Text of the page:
Digital broadcasting is a way of transmitting audio and video information through an encoded signal that is comprised of 1s and 0s. It represents the latest in mainstream television broadcasting, having replaced the analog system. And while digital broadcasting has several advantages over analog, including sharper picture and sound, it also has its disadvantages.
Making the Conversion
The United States made the switch to digital television broadcasting in 2009, which meant that individuals using standard analog televisions had to convert. This meant either purchasing an entirely new digital television set or--the less expensive option--purchasing an external converter box, which you can attach to an analog television much like a cable box. Although this was likely an inconvenience for many, the government offered coupons prior to the conversion to help cover the costs of these converter boxes. According to nhk.or.jp, broadcasters also had to adjust to the conversion, and needed to invest in new production, transmission and operating equipment as well as new devices for video and audio encoding.
According to kmos.ucmo.edu, when you first set up a digital converter box or turn on your digital TV, you will not have instant access to channels as with an analog system. This is due to a delay between when your digital device receives a transmission and when it can display it. So before you can start watching, your television needs to complete a channel scan or memorization. This will take approximately 30 to 60 seconds per channel. Luckily, you only have to do this once, when you first make the switch to digital.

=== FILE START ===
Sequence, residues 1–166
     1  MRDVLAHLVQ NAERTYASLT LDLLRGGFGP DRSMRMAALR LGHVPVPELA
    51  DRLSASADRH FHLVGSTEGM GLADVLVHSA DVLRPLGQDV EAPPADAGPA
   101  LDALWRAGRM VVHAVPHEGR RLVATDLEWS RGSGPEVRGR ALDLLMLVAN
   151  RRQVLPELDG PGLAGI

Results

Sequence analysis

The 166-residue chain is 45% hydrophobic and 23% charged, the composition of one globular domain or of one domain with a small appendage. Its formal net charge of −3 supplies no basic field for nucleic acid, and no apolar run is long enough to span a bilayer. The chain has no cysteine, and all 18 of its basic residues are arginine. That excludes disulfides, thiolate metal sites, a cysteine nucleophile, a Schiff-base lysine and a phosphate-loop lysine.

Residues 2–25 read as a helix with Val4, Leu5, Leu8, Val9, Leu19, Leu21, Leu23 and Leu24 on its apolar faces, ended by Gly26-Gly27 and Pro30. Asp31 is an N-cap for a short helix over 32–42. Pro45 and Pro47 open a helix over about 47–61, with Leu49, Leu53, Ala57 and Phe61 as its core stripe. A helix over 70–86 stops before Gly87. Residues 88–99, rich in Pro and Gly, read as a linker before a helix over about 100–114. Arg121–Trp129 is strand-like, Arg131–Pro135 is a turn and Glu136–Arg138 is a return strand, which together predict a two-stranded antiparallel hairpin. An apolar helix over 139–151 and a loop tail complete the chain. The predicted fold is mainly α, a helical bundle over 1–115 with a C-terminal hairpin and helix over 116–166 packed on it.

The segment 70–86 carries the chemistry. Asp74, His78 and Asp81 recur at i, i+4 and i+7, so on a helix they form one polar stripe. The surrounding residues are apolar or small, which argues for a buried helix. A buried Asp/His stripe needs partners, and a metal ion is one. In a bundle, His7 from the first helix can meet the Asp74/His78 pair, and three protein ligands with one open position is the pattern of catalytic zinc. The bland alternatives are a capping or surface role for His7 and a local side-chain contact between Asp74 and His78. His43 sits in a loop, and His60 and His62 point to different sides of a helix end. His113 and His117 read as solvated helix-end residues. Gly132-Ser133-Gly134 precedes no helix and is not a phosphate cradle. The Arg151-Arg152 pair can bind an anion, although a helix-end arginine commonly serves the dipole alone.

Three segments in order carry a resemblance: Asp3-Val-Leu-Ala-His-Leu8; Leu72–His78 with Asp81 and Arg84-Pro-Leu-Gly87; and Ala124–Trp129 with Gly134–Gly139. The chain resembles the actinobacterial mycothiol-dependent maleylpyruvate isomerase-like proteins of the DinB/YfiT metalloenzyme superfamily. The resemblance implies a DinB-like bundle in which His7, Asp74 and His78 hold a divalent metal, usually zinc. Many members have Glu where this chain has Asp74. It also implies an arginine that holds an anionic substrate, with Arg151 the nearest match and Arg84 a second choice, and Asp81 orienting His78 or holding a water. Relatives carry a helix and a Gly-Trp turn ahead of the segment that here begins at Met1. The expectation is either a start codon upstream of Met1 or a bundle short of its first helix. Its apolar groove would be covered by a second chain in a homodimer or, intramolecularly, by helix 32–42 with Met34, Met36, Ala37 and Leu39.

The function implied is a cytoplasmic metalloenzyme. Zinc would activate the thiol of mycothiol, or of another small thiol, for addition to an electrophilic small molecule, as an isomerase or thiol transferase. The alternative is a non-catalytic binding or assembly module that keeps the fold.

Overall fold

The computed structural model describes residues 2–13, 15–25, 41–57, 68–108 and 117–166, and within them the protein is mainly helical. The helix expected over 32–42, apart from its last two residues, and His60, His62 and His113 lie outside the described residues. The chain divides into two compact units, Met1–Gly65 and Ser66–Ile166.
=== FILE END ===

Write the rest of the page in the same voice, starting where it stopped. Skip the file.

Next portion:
The Cliff Effect
While analog broadcasting provides a continuous albeit distorted feed when transmission is interfered with, digital broadcasting will suddenly cut out if not enough information is received. According to kmos.ucmo.edu, this is known as the Cliff Effect, and means that you will either have perfect reception (when you are on the cliff) or no reception at all (when you fall off). You will know that your digital broadcast reception is on the on edge of the cliff when your television screen’s image becomes momentarily pixelated and scrambled.
Finding New Frequencies
A long-term problem that will occur with digital broadcasting is that more and more frequencies will eventually be needed to make room for more digital programming. According to nhk.or.jp, this means that the frequencies usually reserved for analog broadcasting, such as those used by traditional radio stations, will eventually need to be appropriated. Otherwise, digital TV will only be able broadcast a limited amount of programming.